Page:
PORTLAND/YARMOUTH (NEWS CENTER Maine) -- Most of the paper, plastic, metal, and glass we recycle eventually goes to China, the largest importer of recyclable materials in the world. However, the country has recently imposed new regulations banning the importation of many plastics and paper materials and it’s created a collapse in the recycling market.
This time last year, recycling facilities like ecomaine were getting paid to send out material. Now it’s paying to send out the same stuff.
So what does this mean for us? Those added costs could eventually be passed down to us next time we want to get rid of an empty milk jug or stack of magazines.
A flip-flop, garden hose, and suitcase. A few of the non-recyclable items that ended up in a massive recycling bin at ecomaine.
“Plastic bags, not recyclable.”
Kevin Roche is the CEO. He says paying closer attention to the items we are recycling could remedy a problem that’s not only an issue in Maine right now but across the world: a glut in the recycling market.
“We need cleaner recyclables, and we’re asking everyone, to make sure they ask themselves, which bin should they put it in.”
China is cracking down on contamination. Meaning, if there’s any trace of non-recyclables in the recyclables, the country won’t take it. For example: a bag of trash in the ecomaine recycle pile. Maybe it was a mistake, but it’s trash that staff must pull from the pile. In fact, ecomaine has quadrupled its staffing of the sorting lines in the past few weeks to try and eliminate as much contamination as possible.
Another contributing factor to the collapse is one that Roche says we can’t do much about: Newspaper. It used to go through Portland’s ecomaine facility before it was exported to China but now, Roche says people are going digital.
“That’s become a problem because there’s no newspapers in the mix so we can’t sell it as newspapers.”
Instead it’s sold as a “mixed paper” which is less valuable. Markets don’t want it. So now it’s piling up at ecomaine, with no place to go.
“Cereal boxes, junk mail, all that kind of stuff,” explains Victor Horton.
Horton is from the Maine Resource Recovery Association, a trade group that works with towns and businesses, moving recyclable goods to market in the U.S. and Canada. He says last year the association was selling that mixed paper for $40 or $50 per ton for the towns.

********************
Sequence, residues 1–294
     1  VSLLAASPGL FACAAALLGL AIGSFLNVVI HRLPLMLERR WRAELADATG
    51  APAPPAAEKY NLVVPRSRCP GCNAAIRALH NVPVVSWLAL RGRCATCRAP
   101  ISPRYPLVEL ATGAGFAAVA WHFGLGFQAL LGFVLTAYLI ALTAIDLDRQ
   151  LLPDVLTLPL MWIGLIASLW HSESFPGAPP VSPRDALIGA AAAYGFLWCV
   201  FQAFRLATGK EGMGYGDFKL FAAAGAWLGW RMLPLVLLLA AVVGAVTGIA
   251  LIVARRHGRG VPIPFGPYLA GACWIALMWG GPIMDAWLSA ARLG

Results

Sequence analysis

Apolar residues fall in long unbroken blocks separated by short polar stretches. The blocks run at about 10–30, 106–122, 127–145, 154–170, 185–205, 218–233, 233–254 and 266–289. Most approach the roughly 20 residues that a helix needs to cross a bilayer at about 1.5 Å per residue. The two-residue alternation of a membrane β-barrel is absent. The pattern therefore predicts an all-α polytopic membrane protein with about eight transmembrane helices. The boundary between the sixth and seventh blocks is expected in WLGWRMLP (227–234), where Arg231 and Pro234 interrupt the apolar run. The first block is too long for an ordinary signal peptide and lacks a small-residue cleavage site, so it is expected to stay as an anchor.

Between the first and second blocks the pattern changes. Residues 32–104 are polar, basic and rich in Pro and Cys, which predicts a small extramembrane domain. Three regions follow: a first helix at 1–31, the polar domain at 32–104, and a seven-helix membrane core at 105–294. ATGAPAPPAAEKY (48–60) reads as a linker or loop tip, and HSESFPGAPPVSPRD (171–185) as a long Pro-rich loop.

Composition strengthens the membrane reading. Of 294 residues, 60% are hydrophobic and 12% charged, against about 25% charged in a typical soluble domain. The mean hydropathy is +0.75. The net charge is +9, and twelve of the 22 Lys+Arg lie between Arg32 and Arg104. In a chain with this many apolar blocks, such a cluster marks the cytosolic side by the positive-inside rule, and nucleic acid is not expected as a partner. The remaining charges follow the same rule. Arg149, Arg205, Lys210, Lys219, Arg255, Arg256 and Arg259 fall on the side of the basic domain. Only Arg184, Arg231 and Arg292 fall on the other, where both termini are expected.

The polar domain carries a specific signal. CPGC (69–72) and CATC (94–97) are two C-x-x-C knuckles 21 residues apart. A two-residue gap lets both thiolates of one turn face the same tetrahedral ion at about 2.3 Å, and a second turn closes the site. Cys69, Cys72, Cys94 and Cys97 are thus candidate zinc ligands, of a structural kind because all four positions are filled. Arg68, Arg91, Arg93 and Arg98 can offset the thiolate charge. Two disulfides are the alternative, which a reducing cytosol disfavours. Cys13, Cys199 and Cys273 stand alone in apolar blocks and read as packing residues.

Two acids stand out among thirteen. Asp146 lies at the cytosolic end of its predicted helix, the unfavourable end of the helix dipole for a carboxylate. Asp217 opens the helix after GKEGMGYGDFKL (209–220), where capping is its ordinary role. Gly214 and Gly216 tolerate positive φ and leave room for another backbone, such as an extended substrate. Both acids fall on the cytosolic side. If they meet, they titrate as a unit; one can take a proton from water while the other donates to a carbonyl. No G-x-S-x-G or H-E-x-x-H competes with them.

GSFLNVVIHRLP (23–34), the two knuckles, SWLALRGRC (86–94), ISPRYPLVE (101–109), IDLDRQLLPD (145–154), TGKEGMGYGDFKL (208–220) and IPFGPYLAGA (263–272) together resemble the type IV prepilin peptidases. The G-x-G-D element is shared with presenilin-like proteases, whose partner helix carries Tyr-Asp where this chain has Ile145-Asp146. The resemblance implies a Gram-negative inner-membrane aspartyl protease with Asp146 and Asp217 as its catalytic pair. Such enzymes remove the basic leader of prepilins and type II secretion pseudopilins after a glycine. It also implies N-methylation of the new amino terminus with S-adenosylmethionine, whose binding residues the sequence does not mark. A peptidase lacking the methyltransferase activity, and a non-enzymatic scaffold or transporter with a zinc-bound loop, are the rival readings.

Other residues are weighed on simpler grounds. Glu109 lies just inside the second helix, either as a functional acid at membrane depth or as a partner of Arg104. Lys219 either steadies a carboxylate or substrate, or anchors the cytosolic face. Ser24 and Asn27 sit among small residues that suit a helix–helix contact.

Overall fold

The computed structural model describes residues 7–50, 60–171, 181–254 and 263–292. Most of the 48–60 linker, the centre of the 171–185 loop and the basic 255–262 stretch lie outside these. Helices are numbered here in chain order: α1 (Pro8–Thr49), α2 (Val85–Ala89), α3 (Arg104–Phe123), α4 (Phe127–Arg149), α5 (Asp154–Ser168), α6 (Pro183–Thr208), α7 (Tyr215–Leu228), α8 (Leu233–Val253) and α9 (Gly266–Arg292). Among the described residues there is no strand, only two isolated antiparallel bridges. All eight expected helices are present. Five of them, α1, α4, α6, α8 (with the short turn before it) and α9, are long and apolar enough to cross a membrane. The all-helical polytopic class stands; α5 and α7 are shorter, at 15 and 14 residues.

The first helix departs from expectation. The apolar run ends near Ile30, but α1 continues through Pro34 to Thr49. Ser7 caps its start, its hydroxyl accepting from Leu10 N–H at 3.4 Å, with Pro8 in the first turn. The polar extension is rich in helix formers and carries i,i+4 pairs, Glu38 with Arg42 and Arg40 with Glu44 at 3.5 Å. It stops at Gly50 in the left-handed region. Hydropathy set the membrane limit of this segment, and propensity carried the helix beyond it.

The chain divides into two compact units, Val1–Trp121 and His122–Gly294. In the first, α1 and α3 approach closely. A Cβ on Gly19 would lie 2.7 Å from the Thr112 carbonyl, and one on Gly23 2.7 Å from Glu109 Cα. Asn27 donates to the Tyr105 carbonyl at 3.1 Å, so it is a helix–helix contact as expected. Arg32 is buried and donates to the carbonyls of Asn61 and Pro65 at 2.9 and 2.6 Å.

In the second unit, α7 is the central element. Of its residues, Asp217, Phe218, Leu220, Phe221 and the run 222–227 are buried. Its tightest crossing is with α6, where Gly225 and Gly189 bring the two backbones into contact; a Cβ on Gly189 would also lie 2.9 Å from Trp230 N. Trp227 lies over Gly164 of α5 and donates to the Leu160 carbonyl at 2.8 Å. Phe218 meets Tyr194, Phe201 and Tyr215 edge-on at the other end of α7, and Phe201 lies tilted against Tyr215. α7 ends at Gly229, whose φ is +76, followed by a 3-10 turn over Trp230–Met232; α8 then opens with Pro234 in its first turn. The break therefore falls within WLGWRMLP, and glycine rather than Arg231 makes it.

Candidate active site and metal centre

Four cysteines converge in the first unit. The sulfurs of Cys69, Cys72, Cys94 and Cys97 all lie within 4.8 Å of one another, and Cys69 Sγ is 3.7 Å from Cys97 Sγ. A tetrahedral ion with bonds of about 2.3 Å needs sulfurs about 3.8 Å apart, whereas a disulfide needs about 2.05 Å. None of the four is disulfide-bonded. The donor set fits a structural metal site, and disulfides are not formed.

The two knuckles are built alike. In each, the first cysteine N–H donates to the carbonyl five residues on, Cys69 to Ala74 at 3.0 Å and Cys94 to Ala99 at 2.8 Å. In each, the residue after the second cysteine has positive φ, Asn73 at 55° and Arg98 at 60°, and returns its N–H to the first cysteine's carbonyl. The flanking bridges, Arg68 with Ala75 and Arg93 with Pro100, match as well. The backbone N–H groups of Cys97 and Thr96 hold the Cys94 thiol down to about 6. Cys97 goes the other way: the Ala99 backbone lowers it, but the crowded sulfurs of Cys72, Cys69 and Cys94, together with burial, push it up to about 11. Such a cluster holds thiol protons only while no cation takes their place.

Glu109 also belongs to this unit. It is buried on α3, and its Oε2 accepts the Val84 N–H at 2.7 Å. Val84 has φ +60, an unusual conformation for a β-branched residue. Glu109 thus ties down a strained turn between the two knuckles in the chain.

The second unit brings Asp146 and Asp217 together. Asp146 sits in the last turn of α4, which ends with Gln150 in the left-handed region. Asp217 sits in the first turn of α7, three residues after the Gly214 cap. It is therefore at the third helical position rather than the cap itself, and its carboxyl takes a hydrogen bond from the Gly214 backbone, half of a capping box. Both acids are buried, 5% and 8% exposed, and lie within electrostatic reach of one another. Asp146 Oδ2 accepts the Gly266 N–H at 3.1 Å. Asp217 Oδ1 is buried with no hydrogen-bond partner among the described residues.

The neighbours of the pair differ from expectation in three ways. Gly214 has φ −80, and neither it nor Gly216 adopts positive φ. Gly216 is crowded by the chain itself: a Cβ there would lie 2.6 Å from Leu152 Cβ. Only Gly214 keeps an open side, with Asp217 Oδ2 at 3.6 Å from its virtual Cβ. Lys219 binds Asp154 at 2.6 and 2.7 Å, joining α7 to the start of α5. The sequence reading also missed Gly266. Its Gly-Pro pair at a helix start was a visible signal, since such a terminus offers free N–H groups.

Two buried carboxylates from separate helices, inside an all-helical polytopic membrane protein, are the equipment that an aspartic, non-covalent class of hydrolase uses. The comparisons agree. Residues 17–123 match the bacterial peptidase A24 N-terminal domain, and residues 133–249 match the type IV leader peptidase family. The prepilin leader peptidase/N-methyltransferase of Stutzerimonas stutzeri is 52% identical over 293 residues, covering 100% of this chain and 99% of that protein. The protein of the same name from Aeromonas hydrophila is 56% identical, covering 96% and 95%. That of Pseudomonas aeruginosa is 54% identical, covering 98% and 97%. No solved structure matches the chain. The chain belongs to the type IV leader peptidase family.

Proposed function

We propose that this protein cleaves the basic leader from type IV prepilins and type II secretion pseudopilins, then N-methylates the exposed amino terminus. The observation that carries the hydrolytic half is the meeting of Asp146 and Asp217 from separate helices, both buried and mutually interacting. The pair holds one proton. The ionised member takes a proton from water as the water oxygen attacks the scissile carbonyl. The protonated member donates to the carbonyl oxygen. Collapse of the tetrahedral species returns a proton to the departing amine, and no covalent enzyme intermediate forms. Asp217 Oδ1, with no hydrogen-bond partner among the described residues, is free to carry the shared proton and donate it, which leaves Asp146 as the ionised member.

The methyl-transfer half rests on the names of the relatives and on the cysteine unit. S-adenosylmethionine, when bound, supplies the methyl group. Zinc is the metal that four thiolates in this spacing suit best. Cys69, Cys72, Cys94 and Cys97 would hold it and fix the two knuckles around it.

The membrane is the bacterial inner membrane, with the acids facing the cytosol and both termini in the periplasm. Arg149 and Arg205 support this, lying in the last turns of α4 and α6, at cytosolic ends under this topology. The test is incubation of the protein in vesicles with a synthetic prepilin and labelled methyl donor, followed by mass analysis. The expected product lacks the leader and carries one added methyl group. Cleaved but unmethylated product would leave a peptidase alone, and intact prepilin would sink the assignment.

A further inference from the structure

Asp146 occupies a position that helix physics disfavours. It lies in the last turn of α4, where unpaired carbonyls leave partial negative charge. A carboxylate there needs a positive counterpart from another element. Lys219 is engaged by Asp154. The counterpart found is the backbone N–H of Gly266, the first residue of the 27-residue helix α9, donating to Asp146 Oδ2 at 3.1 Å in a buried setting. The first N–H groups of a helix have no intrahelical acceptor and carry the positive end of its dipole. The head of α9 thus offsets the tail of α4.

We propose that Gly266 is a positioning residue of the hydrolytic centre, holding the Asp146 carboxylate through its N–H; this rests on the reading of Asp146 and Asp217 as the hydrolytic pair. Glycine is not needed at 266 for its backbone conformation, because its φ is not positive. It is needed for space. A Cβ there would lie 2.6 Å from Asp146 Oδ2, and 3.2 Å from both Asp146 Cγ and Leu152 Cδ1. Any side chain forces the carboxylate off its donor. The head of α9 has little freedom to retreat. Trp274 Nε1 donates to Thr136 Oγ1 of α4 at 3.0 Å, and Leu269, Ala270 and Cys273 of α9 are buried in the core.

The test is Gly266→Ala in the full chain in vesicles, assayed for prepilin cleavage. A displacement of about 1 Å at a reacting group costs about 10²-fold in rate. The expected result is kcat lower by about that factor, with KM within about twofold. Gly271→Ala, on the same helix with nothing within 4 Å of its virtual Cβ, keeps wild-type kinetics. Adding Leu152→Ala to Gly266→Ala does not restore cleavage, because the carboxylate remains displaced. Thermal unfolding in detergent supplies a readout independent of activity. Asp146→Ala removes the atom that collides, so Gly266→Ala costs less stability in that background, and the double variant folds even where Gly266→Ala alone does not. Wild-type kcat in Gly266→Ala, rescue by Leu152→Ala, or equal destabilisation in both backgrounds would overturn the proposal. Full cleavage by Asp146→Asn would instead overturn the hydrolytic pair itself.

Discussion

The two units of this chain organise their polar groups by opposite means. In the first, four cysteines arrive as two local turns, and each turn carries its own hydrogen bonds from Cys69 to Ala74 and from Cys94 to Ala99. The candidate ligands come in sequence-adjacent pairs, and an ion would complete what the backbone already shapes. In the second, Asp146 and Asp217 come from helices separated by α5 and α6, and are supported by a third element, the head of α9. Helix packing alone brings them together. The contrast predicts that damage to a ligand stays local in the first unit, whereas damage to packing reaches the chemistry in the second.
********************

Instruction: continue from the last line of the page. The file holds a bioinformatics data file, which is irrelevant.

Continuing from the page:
“Then all of a sudden when China stopped taking mixed paper because nobody could meet their quality, it left just tons of it around you know, our state, and no one to buy it.”
Instead of getting paid to get rid of it municipalities are paying to get rid of it. Like in Bowdoinham, where this recycling facility stopped collecting glass and certain plastics.
While there’s nothing we can really do about that, we can reduce and reuse.
“If we can get people to take it from here opposed to paying as opposed to paying $60 a ton to get rid of it it’s a savings for the town.”
Curtis Dimock is the Superintendent of Transfer and Recycling for Yarmouth. The Yarmouth Recycling Center is a place to recycle practically anything, like power tools, mercury thermostats, cell phones and cameras. Or books and eye glasses, items we can reuse right away.
According to ecomaine, recycling costs will be passed on to the communities and haulers it works with. Any load with greater than 5% contamination will be charged an extra $40 per ton. Any load with 10% or greater contamination will be charged at extra $70.50 per ton.
Here are some recycling guidelines from ecomaine:
- All clean cardboard, paperboard, & pizza boxes
- Office paper envelopes
- Paper plates (clean)
- Wrapping paper
- Milk & juice cartons
- Water bottles
- Milk jugs
- Detergent bottles
- All rigid plastic containers with a #1 - #7 (except Styrofoam)
- Tin cans
- Aerosol can (empty)
- Aluminum cans/foil
- Pots & pans
- All glass bottles and jars
- Needles & sharps
- No large metal parts
- Wood, lumber, propane, or other gas cylinders
- Clothing & shoes
- Plastic bags
- Plastic wrap or film bedding and pillows
- Garden hoses
Still wondering if something is recyclable or not? There’s a free app that can give you an answer instantly. It's called the ecomaine recyclopedia.